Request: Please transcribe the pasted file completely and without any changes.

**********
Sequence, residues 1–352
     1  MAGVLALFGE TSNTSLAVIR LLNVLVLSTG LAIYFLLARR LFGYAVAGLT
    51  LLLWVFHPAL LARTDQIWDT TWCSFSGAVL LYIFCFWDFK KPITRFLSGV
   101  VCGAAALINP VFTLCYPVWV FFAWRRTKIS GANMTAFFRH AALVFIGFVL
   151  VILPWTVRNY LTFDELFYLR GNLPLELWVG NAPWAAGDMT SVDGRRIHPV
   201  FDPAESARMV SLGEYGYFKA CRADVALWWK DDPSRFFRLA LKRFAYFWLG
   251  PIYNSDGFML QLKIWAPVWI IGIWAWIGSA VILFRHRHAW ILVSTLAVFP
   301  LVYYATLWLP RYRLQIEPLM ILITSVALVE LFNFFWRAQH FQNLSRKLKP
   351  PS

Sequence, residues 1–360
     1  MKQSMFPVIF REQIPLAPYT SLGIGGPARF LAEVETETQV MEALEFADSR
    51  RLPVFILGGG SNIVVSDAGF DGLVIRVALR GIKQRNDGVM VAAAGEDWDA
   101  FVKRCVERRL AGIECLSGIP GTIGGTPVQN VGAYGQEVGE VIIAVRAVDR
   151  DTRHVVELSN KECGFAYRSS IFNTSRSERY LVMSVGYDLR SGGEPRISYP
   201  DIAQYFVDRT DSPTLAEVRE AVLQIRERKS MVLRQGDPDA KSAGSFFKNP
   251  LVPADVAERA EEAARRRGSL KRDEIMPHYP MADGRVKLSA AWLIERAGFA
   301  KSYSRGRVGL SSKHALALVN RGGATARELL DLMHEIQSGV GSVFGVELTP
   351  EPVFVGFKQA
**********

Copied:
Sequence, residues 1–352
     1  MAGVLALFGE TSNTSLAVIR LLNVLVLSTG LAIYFLLARR LFGYAVAGLT
    51  LLLWVFHPAL LARTDQIWDT TWCSFSGAVL LYIFCFWDFK KPITRFLSGV
   101  VCGAAALINP VFTLCYPVWV FFAWRRTKIS GANMTAFFRH AALVFIGFVL
   151  VILPWTVRNY LTFDELFYLR GNLPLELWVG NAPWAAGDMT SVDGRRIHPV
   201  FDPAESARMV SLGEYGYFKA CRADVALWWK DDPSRFFRLA LKRFAYFWLG
   251  PIYNSDGFML QLKIWAPVWI IGIWAWIGSA VILFRHRHAW ILVSTLAVFP
   301  LVYYATLWLP RYRLQIEPLM ILITSVALVE LFNFFWRAQH FQNLSRKLKP
   351  PS

Sequence, residues 1–360
     1  MKQSMFPVIF REQIPLAPYT SLGIGGPARF LAEVETETQV MEALEFADSR
    51  RLPVFILGGG SNIVVSDAGF DGLVIRVALR GIKQRNDGVM VAAAGEDWDA
   101  FVKRCVERRL AGIECLSGIP GTIGGTPVQN VGAYGQEVGE VIIAVRAVDR
   151  DTRHVVELSN KECGFAYRSS IFNTSRSERY LVMSVGYDLR SGGEPRISYP
   201  DIAQYFVDRT DSPTLAEVRE AVLQIRERKS MVLRQGDPDA KSAGSFFKNP
   251  LVPADVAERA EEAARRRGSL KRDEIMPHYP MADGRVKLSA AWLIERAGFA
   301  KSYSRGRVGL SSKHALALVN RGGATARELL DLMHEIQSGV GSVFGVELTP
   351  EPVFVGFKQA